Phil Mickelson has two reasons why LIV is so successful. It is not about money.

Phil Mickelson loves LIV, even if his shows don’t show it.

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For the first few months of his LIV Golf career, Phil Mickelson was great for headlines…and not much else.

The six-time main champ has struggled hard in three games since joining the Junior League, earning a +26 cumulative score on the 144 holes he played. In two overtures in the 48-man LIV events, no cutouts, he finished no better than 34th. If his finish lasts Sunday at this weekend’s event at Trump Bedminster, Mickelson will have played only one of the nine LIV rounds below par.

More than his struggles in any one event, Mickelson’s game in general seemed disjointed, uncomfortable, and uncomfortable. Lefty seemed irritated by his cuteness since returning from his self-imposed break from professional golf, and his golf game looked pretty much the same.

However, Phil insists his discomfort on the course has nothing to do with his feelings about the new league, which is still in full bloom. In fact, he had already discovered two ways LIV “works” for professional golf, and perhaps most surprisingly, neither of them had anything to do with money.

“The reason I’m so high on LIV Golf is because it addresses the two areas that I’ve played on the Tour for 30 years, they tried and they suffered,” Phil told reporters earlier this week.

These areas, according to the $200 million man, are international growth and intergenerational growth.

Phil Mickelson, Tim Mickelson

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On the topic of international growth, Michelson referred to the LIV schedule and the structure of its nodes. Unlike the PGA Tour – where players generally have the freedom to pick and choose which events they want to play in – LIV contracts require players to compete in each , ensuring a constant level of field strength each week. With the series planning to visit four countries in 2022 (and a host more in the coming years), Mickelson believes LIV will do better at attracting international audiences than the efforts that came before it.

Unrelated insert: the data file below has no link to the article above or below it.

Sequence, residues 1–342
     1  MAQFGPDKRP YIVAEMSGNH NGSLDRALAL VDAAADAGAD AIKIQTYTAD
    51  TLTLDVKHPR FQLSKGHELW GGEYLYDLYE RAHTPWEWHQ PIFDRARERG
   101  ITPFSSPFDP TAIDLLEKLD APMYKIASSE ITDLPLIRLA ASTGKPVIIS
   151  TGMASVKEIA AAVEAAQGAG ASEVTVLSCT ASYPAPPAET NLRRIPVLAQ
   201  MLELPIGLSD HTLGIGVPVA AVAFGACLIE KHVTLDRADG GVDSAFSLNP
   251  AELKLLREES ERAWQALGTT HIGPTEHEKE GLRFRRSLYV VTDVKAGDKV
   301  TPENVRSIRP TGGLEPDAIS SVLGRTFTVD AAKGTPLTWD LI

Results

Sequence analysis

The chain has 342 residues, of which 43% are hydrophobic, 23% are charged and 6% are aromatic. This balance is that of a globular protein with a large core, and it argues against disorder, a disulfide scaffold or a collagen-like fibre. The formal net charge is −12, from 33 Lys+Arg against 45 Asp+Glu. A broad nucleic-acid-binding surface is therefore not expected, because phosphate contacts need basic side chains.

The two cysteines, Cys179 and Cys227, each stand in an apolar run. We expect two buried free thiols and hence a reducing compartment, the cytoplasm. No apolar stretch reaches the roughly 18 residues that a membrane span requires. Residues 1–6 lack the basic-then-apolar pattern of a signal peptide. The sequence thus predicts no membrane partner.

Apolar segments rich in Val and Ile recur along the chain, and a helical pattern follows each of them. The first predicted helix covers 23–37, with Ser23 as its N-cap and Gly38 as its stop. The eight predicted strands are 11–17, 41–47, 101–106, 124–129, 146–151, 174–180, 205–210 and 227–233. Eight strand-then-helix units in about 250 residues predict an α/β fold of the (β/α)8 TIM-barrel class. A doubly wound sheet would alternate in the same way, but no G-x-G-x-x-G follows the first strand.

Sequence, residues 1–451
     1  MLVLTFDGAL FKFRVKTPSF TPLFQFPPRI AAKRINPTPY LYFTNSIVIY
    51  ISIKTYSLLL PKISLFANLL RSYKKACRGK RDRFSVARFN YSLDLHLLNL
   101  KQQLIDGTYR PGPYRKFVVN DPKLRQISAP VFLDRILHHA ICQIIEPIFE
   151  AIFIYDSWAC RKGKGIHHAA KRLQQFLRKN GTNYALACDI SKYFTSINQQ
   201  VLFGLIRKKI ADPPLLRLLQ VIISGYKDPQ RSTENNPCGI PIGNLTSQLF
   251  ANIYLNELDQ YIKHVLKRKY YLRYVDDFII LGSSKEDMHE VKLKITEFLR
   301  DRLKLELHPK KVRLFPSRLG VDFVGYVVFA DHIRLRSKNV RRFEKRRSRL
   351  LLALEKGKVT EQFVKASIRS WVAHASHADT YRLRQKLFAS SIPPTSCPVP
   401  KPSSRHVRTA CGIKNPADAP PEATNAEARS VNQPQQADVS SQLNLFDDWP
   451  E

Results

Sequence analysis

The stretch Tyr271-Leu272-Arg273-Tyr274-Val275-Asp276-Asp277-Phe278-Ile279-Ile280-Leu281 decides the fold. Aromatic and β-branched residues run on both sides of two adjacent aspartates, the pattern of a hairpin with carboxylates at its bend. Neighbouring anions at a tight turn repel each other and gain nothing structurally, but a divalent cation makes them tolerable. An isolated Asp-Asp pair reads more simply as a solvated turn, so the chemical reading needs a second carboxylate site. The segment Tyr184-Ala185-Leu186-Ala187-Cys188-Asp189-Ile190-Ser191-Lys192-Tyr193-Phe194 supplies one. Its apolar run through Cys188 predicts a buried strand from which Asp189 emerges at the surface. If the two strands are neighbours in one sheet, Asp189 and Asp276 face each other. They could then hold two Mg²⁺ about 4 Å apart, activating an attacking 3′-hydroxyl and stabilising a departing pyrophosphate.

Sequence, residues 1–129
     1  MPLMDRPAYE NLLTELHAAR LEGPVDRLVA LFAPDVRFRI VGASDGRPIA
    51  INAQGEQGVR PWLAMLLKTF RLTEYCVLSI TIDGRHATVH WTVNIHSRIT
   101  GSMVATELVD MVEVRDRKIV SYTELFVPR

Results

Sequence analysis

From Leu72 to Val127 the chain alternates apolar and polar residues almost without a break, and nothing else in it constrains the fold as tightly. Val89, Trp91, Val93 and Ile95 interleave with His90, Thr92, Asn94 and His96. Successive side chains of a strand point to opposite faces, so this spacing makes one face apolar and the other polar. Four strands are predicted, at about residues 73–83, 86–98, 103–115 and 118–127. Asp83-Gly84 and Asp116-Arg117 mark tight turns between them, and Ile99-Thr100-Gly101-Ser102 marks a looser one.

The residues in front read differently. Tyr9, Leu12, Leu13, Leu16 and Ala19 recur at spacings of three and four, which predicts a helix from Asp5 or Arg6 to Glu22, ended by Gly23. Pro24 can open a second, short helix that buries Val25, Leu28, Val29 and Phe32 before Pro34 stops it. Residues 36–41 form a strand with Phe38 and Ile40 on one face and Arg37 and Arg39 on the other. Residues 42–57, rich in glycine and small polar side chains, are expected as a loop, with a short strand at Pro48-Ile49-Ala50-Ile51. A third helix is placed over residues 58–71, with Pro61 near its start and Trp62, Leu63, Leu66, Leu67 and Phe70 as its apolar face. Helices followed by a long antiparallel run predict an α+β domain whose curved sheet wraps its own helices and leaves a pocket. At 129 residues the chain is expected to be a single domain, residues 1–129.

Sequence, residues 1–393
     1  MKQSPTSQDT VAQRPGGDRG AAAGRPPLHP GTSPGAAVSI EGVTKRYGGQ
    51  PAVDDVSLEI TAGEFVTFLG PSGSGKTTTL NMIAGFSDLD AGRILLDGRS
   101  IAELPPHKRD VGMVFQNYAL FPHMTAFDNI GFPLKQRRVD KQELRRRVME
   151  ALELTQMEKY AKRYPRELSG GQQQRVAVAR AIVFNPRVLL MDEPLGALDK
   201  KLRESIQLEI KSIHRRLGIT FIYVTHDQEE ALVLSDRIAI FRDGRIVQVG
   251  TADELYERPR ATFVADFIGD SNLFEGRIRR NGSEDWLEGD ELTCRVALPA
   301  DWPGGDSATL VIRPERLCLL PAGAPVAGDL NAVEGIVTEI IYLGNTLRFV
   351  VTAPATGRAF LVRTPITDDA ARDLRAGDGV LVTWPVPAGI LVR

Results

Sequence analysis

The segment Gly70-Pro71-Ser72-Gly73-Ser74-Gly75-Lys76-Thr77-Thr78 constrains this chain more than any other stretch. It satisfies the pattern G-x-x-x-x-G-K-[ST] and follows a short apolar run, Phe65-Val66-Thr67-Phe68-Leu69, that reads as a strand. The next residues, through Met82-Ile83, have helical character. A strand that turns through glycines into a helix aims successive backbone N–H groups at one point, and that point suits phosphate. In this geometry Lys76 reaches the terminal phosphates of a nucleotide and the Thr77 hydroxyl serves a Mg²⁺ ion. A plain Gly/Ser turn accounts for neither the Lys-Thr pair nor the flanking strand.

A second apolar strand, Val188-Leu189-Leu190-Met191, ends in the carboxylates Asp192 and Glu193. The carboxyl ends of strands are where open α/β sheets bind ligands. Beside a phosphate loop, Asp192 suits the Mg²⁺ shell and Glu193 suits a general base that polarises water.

“LIV has an opportunity to bring professional golf around the world,” said Mickelson. “The players here, when they sign up, we get a lot of money, we give up on our schedule and stick to wherever they put events we are going to be there, and then they have the ability to move professional golf around the world. I think that’s really important because we’re trying The development of golf all over the world. We may not feel that here in the US, but globally I think that will have a huge impact.”

To that end, Mickelson was not wrong: LIV Do It has broader international goals than the PGA Tour, and it also has the means to make sure its best players travel internationally. But international growth also requires an element of international attention, of which there was not much in LIV’s early days. Tickets were available as cheap as $1 for Bedminster’s opening Friday tour, and baskets of free tickets are readily available for most LIV events. All this is to say nothing of the DP World Tour, which has invested heavily in finding growth in many of the same markets that LIV is now tracking.